As soon as you arbitrarily complete 18 calendar years of life, you’re suddenly considered an adult. You can drink – yay! You can vote – cool! You can consent to your body being used for medical studies after you die – alright then! However, it would seem that everyone also expects you to know exactly what you want to do with your life.
When I was 18, my school instructed us to make a list of everything we wanted to achieve by the time we turned 28. According to this list, I should be making a living as a musician good enough to afford a detached house for myself, my significant other and my dog, with enough left over for a jet ski. Oh, and I also own a massage parlour. To this day, I still have no idea why.
Welcome to today’s theme: the vast majority of people have no idea what they’re doing, especially when they’re 18. So, in my 29th year, sat in my flat in London desperately lacking a jet ski, I thought I’d give an abridged version of how I got into the footwear business.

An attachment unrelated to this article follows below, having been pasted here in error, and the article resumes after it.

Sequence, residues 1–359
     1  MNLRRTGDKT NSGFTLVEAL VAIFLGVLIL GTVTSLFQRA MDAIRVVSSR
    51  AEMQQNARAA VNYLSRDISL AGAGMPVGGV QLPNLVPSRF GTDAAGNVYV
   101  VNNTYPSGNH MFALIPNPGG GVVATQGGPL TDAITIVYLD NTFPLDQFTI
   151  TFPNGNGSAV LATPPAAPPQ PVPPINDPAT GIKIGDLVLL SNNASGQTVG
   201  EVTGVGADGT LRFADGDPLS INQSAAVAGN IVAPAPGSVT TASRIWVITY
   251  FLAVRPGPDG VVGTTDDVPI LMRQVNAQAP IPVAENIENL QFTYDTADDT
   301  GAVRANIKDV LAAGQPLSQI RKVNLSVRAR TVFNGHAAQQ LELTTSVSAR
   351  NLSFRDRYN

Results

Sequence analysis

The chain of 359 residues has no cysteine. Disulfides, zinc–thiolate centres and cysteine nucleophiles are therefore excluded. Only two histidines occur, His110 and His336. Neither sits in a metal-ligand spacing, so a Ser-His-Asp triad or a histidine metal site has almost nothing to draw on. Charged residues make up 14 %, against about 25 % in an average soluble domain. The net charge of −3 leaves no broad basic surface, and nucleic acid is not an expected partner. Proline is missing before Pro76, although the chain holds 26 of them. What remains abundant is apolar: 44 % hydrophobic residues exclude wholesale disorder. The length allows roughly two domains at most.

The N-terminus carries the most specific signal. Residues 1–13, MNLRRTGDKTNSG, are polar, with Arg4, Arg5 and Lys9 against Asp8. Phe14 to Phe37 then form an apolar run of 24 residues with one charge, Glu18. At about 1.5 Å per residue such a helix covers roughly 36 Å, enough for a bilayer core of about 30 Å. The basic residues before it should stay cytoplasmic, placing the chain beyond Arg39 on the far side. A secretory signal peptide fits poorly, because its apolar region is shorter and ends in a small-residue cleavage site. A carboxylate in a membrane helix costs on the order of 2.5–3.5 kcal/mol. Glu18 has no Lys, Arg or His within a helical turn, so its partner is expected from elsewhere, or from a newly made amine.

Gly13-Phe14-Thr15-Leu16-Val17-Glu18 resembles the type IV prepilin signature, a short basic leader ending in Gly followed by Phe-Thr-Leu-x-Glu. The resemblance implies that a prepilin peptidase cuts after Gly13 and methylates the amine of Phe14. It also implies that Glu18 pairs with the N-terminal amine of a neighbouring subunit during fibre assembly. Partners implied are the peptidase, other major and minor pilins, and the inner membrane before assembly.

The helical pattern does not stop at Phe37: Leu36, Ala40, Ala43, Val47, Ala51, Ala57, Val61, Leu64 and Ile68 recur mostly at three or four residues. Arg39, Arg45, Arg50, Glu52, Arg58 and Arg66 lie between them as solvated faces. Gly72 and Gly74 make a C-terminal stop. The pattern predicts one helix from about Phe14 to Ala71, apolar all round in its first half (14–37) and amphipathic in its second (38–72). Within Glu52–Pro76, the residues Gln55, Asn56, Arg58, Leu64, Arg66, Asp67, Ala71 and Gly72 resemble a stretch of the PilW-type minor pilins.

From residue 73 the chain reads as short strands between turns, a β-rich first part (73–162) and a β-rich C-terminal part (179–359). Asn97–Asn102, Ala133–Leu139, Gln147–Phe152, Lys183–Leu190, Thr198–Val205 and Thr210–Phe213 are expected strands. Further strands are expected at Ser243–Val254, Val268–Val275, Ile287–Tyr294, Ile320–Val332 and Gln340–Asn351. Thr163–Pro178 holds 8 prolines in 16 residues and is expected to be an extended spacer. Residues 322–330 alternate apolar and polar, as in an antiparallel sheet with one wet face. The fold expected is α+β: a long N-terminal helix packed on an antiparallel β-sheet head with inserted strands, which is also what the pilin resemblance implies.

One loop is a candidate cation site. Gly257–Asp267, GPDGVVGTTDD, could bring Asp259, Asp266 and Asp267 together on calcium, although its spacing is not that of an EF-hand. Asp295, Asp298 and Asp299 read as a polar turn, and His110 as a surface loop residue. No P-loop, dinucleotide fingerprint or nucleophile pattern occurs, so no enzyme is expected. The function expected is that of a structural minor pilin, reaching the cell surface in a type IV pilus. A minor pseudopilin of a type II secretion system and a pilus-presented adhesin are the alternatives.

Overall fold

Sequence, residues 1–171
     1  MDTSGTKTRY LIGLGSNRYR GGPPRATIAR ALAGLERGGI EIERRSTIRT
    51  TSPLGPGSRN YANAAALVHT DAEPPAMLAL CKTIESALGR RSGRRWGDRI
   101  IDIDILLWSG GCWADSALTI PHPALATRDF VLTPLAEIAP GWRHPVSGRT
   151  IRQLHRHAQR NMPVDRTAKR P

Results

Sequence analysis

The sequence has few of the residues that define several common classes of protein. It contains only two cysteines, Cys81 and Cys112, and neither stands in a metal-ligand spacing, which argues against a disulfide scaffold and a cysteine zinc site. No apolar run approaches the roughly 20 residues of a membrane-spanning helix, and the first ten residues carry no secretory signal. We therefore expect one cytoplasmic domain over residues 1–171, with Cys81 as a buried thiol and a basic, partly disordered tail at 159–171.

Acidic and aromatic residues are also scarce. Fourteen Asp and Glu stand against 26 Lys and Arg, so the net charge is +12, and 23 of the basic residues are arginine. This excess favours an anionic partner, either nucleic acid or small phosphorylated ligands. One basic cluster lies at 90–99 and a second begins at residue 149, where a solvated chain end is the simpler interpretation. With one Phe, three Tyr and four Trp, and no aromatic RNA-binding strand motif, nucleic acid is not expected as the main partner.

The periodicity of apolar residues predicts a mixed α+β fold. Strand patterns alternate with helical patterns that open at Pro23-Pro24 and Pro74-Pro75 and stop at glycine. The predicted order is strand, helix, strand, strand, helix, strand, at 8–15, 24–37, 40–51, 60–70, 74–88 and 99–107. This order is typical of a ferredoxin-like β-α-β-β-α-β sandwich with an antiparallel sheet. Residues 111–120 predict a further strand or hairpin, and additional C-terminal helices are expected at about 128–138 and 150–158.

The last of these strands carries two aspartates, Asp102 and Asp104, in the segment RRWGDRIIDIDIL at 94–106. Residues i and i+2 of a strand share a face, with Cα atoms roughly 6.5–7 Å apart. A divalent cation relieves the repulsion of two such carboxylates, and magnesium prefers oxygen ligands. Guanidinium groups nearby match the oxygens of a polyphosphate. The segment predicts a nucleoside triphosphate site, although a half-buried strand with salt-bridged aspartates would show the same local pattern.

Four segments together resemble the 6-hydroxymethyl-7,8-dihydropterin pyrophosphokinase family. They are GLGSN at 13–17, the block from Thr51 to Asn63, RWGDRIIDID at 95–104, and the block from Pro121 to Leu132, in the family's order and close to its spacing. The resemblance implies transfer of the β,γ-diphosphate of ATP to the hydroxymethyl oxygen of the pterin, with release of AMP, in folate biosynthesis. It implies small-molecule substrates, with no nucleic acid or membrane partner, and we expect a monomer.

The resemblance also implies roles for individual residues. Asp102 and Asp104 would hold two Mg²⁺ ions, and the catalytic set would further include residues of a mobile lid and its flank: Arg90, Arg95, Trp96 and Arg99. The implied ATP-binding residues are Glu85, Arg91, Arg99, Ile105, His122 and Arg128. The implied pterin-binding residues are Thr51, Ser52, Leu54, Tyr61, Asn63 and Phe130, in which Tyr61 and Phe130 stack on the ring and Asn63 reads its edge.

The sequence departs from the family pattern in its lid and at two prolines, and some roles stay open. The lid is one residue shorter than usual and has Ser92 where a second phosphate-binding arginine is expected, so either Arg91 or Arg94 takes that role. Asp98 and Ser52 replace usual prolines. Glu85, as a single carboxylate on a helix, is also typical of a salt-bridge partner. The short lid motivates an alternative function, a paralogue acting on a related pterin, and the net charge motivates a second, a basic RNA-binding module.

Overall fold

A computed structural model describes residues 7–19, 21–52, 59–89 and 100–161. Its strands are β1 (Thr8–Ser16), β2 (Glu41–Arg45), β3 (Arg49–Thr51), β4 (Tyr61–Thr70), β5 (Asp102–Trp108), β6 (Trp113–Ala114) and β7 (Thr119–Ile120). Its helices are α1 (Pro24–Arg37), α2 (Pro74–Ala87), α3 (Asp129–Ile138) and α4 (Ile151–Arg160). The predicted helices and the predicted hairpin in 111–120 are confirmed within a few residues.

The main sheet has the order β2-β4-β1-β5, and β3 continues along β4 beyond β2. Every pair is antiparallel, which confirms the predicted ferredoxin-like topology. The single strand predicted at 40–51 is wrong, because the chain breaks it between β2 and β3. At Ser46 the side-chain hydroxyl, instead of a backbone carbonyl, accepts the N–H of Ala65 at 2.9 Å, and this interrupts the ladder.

My working life started in the same sector as a lot of other people: hospitality. My first job was in the kitchen of a fine dining restaurant as a kitchen porter, otherwise known as a ‘dish washer’ to some, though I preferred the title that my co-workers created: ‘underwater ceramic technician’.
After achieving a degree in English (which is about as useful as you’d expect), I moved to the bright lights of London to study and pursue a career in acting. This is a noble profession, but not one that is lucrative in the slightest. How on earth would I be able to afford a jet ski at this rate?
I continued working zero hour contracts in bars, cafes and theatres to pay my rent. Although these jobs were purely a means to an end, I still wanted to do them well. I perfected my coffee skills by pouring heart shapes in every latte I made – even when I tried to do a different shape, it came out as a heart. My proudest moment behind a bar was being trusted by the Irish regulars to pour their pints of Guinness – anyone who has worked in a bar (or is Irish) will appreciate how unfathomably proud this made me.